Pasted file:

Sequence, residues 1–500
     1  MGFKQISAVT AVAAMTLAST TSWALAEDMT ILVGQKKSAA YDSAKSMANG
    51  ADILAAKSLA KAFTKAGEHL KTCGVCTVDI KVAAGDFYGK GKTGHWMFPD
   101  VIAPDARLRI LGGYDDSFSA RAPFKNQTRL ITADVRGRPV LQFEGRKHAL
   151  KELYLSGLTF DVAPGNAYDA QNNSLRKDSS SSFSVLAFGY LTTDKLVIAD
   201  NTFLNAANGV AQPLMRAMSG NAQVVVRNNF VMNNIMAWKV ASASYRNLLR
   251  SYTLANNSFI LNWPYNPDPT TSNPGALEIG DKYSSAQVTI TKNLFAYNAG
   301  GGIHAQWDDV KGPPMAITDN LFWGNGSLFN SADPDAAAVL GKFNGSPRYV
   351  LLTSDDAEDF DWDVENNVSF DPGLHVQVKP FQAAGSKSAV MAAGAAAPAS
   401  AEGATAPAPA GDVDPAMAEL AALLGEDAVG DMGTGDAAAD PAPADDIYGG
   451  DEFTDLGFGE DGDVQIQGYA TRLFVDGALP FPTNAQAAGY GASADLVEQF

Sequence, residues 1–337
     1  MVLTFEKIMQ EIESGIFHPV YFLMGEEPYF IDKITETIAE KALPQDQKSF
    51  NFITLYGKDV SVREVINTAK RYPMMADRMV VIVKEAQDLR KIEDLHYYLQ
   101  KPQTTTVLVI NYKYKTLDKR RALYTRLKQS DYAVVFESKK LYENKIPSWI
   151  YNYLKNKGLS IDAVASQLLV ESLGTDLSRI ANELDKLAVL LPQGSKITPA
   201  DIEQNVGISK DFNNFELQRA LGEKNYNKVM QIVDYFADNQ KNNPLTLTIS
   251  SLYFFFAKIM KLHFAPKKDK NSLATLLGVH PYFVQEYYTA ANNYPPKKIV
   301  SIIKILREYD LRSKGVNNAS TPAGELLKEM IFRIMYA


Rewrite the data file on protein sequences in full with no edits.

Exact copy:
Sequence, residues 1–500
     1  MGFKQISAVT AVAAMTLAST TSWALAEDMT ILVGQKKSAA YDSAKSMANG
    51  ADILAAKSLA KAFTKAGEHL KTCGVCTVDI KVAAGDFYGK GKTGHWMFPD
   101  VIAPDARLRI LGGYDDSFSA RAPFKNQTRL ITADVRGRPV LQFEGRKHAL
   151  KELYLSGLTF DVAPGNAYDA QNNSLRKDSS SSFSVLAFGY LTTDKLVIAD
   201  NTFLNAANGV AQPLMRAMSG NAQVVVRNNF VMNNIMAWKV ASASYRNLLR
   251  SYTLANNSFI LNWPYNPDPT TSNPGALEIG DKYSSAQVTI TKNLFAYNAG
   301  GGIHAQWDDV KGPPMAITDN LFWGNGSLFN SADPDAAAVL GKFNGSPRYV
   351  LLTSDDAEDF DWDVENNVSF DPGLHVQVKP FQAAGSKSAV MAAGAAAPAS
   401  AEGATAPAPA GDVDPAMAEL AALLGEDAVG DMGTGDAAAD PAPADDIYGG
   451  DEFTDLGFGE DGDVQIQGYA TRLFVDGALP FPTNAQAAGY GASADLVEQF

Sequence, residues 1–337
     1  MVLTFEKIMQ EIESGIFHPV YFLMGEEPYF IDKITETIAE KALPQDQKSF
    51  NFITLYGKDV SVREVINTAK RYPMMADRMV VIVKEAQDLR KIEDLHYYLQ
   101  KPQTTTVLVI NYKYKTLDKR RALYTRLKQS DYAVVFESKK LYENKIPSWI
   151  YNYLKNKGLS IDAVASQLLV ESLGTDLSRI ANELDKLAVL LPQGSKITPA
   201  DIEQNVGISK DFNNFELQRA LGEKNYNKVM QIVDYFADNQ KNNPLTLTIS
   251  SLYFFFAKIM KLHFAPKKDK NSLATLLGVH PYFVQEYYTA ANNYPPKKIV
   301  SIIKILREYD LRSKGVNNAS TPAGELLKEM IFRIMYA